What about the House of Representatives? Republicans will gain a lot of seats, very probably enough to gain a majority. Even if Republican gains fall short, though, Nancy Pelosi will be playing with a very weak hand. More importantly, if 2010 is a good year for Republicans generally, then the GOP ought to make major gains in governorships (all polls show that now) and Republicans, who held up very well in 2008 in state legislative elections, will probably come out of the 2010 elections with a majority of state legislative chambers and seats. Special legislative elections are strongly indicating that already, as I noted last October, often by stunning margins of victory.

What would it mean if Republicans have a majority of power in state governments? It would mean that the redistricting process following reapportionment would help elect more Republicans to the House. Reapportionment is already going to move House seats from red states to blue states. Add a redistricting process mainly controlled by Republicans, and an automatic increase of a dozen or so House seats to Republicans is easily conceivable. House Democrats in 2012, faced with new districts and probable minority status for several election cycles, might leave Congress in droves.

America is overwhelmingly conservative, but that conservative will has long been frustrated by a combination of leftist entrenched establishments; befuddled Republican leaders who did not grasp that their supporters want a conservative revolution; and Democrats like Bayh, Dorgan, and Lincoln, who said one thing at home and did something very much different in Washington. Everything has changed. The next two election cycles are critical. Right now, the constellations point to gains in 2010 and also in 2012 sufficient to allow stouthearted conservatives, through the Republican Party, to introduce the sort of hope and change that most Americans desperately want. In three years, at long last, America may have the government that the vast majority of us desire.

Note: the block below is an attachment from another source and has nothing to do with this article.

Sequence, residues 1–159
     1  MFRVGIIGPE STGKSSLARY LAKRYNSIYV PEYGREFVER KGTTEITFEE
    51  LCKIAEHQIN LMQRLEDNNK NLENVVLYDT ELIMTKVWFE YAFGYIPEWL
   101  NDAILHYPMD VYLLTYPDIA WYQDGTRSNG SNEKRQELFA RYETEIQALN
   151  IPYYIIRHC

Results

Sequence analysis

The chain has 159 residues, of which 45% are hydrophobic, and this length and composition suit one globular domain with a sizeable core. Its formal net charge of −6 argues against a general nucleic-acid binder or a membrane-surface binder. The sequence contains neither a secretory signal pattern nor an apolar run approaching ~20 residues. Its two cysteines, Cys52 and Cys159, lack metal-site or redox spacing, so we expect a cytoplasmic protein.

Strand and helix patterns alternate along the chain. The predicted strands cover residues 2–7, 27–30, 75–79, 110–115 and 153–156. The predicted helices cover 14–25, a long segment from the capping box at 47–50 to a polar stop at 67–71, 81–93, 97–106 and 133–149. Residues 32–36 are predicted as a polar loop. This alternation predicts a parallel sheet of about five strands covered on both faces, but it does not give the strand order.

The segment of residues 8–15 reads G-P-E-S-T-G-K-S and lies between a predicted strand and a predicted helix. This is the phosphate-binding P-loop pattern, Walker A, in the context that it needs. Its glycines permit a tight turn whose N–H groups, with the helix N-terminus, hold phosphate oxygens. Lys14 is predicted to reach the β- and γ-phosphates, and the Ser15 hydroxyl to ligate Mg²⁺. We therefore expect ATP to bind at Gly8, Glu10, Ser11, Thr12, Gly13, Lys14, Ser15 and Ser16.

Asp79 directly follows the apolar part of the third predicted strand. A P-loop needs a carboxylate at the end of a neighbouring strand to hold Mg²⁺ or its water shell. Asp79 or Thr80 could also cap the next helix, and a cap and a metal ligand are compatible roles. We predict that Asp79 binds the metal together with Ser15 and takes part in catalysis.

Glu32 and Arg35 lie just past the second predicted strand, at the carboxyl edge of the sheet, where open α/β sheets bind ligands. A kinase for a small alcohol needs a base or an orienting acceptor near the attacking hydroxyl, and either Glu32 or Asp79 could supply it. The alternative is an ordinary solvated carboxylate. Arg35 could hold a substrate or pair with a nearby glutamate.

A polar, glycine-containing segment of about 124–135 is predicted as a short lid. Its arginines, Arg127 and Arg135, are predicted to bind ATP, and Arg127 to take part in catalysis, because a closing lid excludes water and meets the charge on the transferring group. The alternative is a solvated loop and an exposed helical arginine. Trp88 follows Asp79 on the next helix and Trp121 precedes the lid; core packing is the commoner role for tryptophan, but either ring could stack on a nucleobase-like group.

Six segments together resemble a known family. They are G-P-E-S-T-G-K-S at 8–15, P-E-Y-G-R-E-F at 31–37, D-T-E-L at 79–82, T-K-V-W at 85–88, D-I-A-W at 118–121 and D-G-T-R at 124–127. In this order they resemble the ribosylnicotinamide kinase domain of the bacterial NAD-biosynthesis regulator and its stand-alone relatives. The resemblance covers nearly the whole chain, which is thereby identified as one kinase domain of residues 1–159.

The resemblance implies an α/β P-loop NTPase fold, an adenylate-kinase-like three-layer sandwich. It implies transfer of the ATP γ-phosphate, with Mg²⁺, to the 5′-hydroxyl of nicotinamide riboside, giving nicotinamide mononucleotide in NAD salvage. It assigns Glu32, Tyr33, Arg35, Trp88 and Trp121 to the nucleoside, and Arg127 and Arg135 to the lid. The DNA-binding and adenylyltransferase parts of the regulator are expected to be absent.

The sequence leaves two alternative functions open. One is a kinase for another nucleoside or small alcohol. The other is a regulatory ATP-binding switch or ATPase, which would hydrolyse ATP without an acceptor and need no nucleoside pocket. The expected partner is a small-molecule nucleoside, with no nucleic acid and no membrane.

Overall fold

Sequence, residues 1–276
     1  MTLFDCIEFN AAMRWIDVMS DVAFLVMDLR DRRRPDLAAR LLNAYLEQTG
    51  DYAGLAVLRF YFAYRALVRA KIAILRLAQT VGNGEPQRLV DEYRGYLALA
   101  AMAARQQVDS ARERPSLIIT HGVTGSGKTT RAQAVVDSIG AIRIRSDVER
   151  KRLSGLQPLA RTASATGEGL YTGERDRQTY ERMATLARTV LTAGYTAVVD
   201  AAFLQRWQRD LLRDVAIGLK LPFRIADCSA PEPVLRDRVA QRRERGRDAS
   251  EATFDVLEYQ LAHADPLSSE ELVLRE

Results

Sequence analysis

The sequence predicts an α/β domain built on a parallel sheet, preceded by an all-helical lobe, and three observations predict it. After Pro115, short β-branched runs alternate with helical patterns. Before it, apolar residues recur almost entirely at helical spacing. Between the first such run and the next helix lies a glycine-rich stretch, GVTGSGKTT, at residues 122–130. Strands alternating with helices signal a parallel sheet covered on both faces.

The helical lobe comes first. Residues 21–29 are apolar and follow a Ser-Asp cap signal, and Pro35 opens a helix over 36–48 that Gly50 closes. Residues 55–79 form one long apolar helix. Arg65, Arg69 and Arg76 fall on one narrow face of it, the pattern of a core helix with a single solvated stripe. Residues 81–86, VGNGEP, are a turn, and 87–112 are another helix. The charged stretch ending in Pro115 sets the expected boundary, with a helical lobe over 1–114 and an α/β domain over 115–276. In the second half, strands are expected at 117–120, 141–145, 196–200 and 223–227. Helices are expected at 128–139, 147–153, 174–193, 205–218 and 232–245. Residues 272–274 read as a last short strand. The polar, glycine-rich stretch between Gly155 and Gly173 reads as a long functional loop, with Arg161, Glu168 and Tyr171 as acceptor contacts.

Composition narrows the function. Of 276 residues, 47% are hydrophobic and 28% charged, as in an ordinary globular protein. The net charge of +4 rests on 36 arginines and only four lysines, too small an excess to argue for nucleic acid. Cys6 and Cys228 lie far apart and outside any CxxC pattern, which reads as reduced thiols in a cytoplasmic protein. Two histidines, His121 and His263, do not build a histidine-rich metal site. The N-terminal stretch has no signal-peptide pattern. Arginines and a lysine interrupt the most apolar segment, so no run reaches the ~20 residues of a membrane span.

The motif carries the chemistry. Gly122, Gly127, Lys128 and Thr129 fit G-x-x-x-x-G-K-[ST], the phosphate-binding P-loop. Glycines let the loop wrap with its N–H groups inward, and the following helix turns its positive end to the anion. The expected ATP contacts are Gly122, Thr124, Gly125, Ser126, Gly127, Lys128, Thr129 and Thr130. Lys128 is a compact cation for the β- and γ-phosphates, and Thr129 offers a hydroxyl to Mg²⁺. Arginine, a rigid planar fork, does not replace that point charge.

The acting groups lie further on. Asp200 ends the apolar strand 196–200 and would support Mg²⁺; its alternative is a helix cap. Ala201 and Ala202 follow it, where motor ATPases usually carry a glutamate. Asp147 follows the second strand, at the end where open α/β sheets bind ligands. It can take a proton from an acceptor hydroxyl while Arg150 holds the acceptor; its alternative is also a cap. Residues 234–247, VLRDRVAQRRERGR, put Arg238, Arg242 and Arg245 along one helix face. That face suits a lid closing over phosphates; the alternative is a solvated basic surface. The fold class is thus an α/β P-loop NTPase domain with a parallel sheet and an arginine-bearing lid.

Bruce Walker is the author of two books: Sinisterism: Secular Religion of the Lie and The Swastika against the Cross: The Nazi War on Christianity.
The decision by former Indiana Senator Dan Coats to seek his old seat again ought to inspire conservatives. His lifetime voting record with the American Conservative Union is 90%, which is much more conservative than Indiana Republican Richard Lugar at 77%, and vastly more conservative than Evan Bayh at 20%.

Moreover, Coats's decision to run this year is an example of the great vulnerability that Democrats face if 2010 continues to look like a strong Republican year. A few months ago, Senator Byron Dorgan of North Dakota and Senator Blanche Lincoln of Arkansas were both considered pretty safe placeholders for Democrats in the midterm election. The number of possible gains by Republicans was very small. In fact, after November 2008, net gains by Democrats in the Senate in 2010 were considered possible. Today, it is a sure bet that North Dakota Governor John Hoeven will become a conservative Republican senator, replacing the liberal Democrat Dorgan. It is just about as sure that Senator Lincoln in Arkansas, who won reelection easily six years ago, will lose to a conservative Republican. 

Republican candidates are running ahead of the Democrats in Colorado, Nevada, Delaware, Illinois, and Pennsylvania. If those poll numbers hold up, a Coats victory over Bayh would give Republicans 49 seats in the Senate. Coats, like Hoeven in North Dakota, represents a very strong candidate against a leftist Democrat in a blue state. Congressman Michael Castle in Delaware is a RINO, but not a leftist. He also represents the best Republican candidate in Delaware, and polls which had shown Castle beating Biden's son will almost certainly show Castle well ahead in the wake of Biden's decision not to seek his father's old Senate seat.